Matadors' Lorraine Cheung Serves Up Smiles On and Off the Court
NORTHRIDGE, Calif. ---
Gary Victor would make a terrible poker player. Sure, the 17th-year Cal State Northridge women's tennis head coach dons the customary hat and sunglasses of any hearty poker veteran, but he has quite the tell: he smiles. A lot. More than most people, Victor is usually beaming about something. And that smile becomes a billboard when he talks about his team's lone senior in 2014, Lorraine Cheung.
Diminutive only in her 5-3 stature, Cheung is a ferocious competitor who thrives in those tense moments that seem to define athletics.
Victor is effusive in his praise of Cheung, calling her one of his best student-athletes during his tenure with the Matadors. With the program putting its first inductee into the CSUN Athletics Hall of Fame, Tereza Simonyan, that certainly constitutes high praise.
"I've had lots of great young women during my time at CSUN, but if I had to choose one for a one match, winner take all match, it'd have to be Lorraine," Victor said. "She has an infectious energy and enthusiasm that is contagious and she is as fierce and dogged a competitor as I've ever come across."
Originally from Hong Kong, Cheung has been a fixture in the Matadors' line-up since becoming eligible. She led the squad with 14 singles wins in her freshman season and earned All-Big West Doubles Honorable Mention honors last year.
This year, Cheung has continued her stellar play as the team's only senior. She enters her final regular season match, an April 20 home contest with Hawai'i, at 12-6 in singles play with notable wins against Ca Poly, LMU, Florida International, Montana, Boise State, New Mexico State and Cal State Fullerton.
"Lorraine has shown herself to be one of the most competitive fighters on our team for the last four years," CSUN assistant coach James Ciuffo said. "We'll miss her competitiveness and desire to strive for more each and everyday."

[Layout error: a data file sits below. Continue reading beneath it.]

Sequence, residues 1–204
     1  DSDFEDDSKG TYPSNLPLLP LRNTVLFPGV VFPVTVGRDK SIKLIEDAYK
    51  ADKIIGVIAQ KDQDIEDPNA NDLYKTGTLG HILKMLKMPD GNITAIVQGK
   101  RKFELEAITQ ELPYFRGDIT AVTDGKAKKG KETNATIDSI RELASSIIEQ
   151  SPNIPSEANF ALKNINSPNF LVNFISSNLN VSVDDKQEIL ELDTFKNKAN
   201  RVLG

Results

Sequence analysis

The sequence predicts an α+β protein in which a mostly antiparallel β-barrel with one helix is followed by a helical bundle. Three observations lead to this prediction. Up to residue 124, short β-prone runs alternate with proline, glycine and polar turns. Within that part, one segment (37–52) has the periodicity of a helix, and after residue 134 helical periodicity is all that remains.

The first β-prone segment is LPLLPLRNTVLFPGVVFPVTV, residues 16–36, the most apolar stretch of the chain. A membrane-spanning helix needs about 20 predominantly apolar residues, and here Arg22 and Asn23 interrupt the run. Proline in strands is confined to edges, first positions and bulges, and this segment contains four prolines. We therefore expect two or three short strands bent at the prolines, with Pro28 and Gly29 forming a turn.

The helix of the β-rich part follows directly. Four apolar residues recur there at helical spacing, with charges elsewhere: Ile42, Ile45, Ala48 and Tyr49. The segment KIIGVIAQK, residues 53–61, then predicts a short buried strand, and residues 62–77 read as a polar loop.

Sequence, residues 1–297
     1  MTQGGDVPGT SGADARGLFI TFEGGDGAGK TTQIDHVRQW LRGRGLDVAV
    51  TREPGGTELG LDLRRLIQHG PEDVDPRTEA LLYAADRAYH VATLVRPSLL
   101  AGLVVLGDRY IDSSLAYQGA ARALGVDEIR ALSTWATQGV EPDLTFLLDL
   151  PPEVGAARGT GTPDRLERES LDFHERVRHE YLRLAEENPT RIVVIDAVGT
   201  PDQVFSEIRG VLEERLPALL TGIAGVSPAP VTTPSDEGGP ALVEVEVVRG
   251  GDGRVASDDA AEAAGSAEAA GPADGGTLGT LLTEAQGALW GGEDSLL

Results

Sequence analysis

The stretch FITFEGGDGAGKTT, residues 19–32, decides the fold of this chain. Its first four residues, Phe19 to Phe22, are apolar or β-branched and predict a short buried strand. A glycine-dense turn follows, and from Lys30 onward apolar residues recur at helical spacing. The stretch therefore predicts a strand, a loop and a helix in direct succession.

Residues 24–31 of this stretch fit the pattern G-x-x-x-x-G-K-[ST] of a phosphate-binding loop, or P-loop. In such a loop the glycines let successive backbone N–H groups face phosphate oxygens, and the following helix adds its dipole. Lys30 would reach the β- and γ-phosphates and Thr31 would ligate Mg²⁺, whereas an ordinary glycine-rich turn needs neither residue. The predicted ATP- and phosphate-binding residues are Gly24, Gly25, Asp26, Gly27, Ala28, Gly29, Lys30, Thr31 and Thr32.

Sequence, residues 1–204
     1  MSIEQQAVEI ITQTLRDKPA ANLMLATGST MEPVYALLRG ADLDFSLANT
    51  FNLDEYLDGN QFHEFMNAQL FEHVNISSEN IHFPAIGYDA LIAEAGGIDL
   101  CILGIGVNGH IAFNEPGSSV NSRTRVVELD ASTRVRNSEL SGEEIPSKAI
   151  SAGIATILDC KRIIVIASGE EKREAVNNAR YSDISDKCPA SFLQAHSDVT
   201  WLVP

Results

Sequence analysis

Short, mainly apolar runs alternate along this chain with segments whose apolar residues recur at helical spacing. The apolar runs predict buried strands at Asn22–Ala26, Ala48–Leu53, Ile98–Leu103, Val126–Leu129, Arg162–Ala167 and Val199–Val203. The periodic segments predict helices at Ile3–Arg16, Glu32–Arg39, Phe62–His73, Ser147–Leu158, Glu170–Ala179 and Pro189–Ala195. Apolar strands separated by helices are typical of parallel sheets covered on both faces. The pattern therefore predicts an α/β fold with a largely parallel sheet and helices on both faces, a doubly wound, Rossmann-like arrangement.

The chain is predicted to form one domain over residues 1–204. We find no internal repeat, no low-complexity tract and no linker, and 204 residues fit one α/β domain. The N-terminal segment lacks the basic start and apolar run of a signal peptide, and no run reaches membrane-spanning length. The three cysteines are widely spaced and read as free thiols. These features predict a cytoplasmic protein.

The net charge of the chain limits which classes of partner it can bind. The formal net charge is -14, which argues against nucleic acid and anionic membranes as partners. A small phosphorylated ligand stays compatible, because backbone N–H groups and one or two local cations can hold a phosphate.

In doubles play, she has teamed with several players this season to post 11 doubles wins on the year. For her career, Cheung is 46-27 (.630) in singles play and 39-26 (.600) entering Sunday's match with the Rainbow Wahine.
"Sunday's match will definitely be bittersweet. I have loved playing here and competing and have so many memories," Cheung said. "I do not want it to end. Hopefully we play well Sunday and in the Big West Tournament so that we can extend my senior year."
One of her most memorable victories at CSUN came during her freshman season. With the Matadors locked into a Big West Quarterfinal with Cal Poly, Cheung delivered the match-winning point. In video of the victory, a jubilant Victor can be seen crashing the court and bear hugging the victorious Cheung.
When she first arrived on CSUN's campus, Cheung had a fellow Hong Kong native Jennifer Sher to lean upon as she made the transition into college and American life. Now as a senior, it is Cheung who has served as a mentor to Vivian Lin, another Hong Kong native and Mickey Hsu, at CSUN by way of Taiwan.
"I am really close to all the freshmen this year. I think a special bond develops between seniors and freshmen and this year has been special," Cheung added. "In addition to Vivian and Lin, Kristen Poei and Scout Shutter are also pretty far from home being from Hawai'i, and I think the fact that we share that has helped us become much closer. We are great friends on and off the court."
Just as successful in the classroom as she is on the court, Cheung is an accounting major who has earned Academic All-Big West Spring Sports Team honors twice in her career. To qualify for the award, a student-athlete must maintain a 3.2 GPA. With her's hovering around the 3.8 stratosphere, Cheung easily surpasses the threshold.
"Being the only senior, I have tried to lead by example," Cheung said. "I have liked having the leadership role and feel like I have done a good job."
Cheung credits Victor's dedication to the team on and off the court as one of her favorite memories about CSUN.
"Gary is always there for us and cares about each girl on the team,' Cheung explained. "He wants us to do well both on the court and in the classroom. He emphasizes that we are student-athletes and that we need to do well in school so as to set ourselves up for success outside of tennis."
She has interned with several accounting firms during tax season and has also worked as a tutor and mentor for her fellow student-athletes in a variety of subjects. Cheung has a full-time job lined up in October as a staff accountant for a firm in Los Angeles.
So while the thought of an audit may be frightening, the idea that a beaming Cheung will be there to guide you through the process is reassuring. It may even bring a smile to your face.